Cutting through solid steel with flaming bacon certainly has its appeal, but for large-scale industrial processes, the Fraunhofer institute thinks electromagnetic pulses may work better than the other white heat. Case in point: their new electromagnetic pulse (EMP) device that cuts through steel faster than a laser, and cheaper than a machine tool.
The device uses a mixture of capacitors and coils to create a directed magnetic field that works like a paper-hole puncher. The shaped magnetic field pounds steel with 50,763 pounds per square inch, or three times the pressure at the bottom of the Marianas Trench. At that power, the blast can punch a hole through steel seven times faster than the lasers currently used to do the same job.
To protect passengers in case of a collision, most car manufacturers craft the car body out of some of the toughest steel available. Unfortunately, the same toughness that makes the car so safe also makes the body very difficult to alter during construction. To create holes for wiring, car companies use either mechanical tools, which wear out and add an additional step to remove the subsequent burr, or lasers, which require a lot of energy and money. The Fraunhofer EMP device doesn't have any of those drawbacks, while retaining most of the advantages.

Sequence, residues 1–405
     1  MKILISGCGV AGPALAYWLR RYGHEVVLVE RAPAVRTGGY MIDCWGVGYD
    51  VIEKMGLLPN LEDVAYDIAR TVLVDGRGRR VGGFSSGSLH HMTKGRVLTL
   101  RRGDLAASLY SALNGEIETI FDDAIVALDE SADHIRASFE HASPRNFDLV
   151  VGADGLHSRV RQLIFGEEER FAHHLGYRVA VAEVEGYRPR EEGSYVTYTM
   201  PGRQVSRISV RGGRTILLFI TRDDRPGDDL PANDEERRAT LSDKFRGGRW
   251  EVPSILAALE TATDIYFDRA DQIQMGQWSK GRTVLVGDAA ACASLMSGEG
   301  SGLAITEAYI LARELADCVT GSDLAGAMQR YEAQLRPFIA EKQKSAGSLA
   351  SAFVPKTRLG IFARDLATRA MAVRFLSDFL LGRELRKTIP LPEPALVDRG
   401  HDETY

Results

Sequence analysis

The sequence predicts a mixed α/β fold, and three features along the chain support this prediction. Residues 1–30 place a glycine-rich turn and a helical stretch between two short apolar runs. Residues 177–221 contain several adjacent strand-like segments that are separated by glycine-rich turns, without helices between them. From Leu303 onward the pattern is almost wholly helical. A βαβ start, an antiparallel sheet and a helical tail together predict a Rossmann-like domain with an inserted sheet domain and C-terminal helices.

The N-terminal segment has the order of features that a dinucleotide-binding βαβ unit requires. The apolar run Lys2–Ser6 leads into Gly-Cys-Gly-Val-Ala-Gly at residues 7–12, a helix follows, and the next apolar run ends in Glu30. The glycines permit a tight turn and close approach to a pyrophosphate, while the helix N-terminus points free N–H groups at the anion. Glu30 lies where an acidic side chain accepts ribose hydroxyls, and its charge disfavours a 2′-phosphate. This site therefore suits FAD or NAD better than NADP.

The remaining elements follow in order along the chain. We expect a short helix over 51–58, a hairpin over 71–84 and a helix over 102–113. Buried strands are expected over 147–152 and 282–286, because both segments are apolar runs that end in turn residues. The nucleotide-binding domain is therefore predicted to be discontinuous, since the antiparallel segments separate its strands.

Additionally, the process leaves no burr or hanging metal, eliminating expensive finishing steps in the assembly process. And with no moving parts, the machine experiences far less wear than mechanical tools.
The EMP device isn't widely available yet, as the company perfects how to manufacture coils in a wide range of different shapes. But if anyone needs to punch a hole into some tough steel, I think you might want to give Germany a ring.
Five amazing, clean technologies that will set us free, in this month's energy-focused issue. Also: how to build a better bomb detector, the robotic toys that are raising your children, a human catapult, the world's smallest arcade, and much more.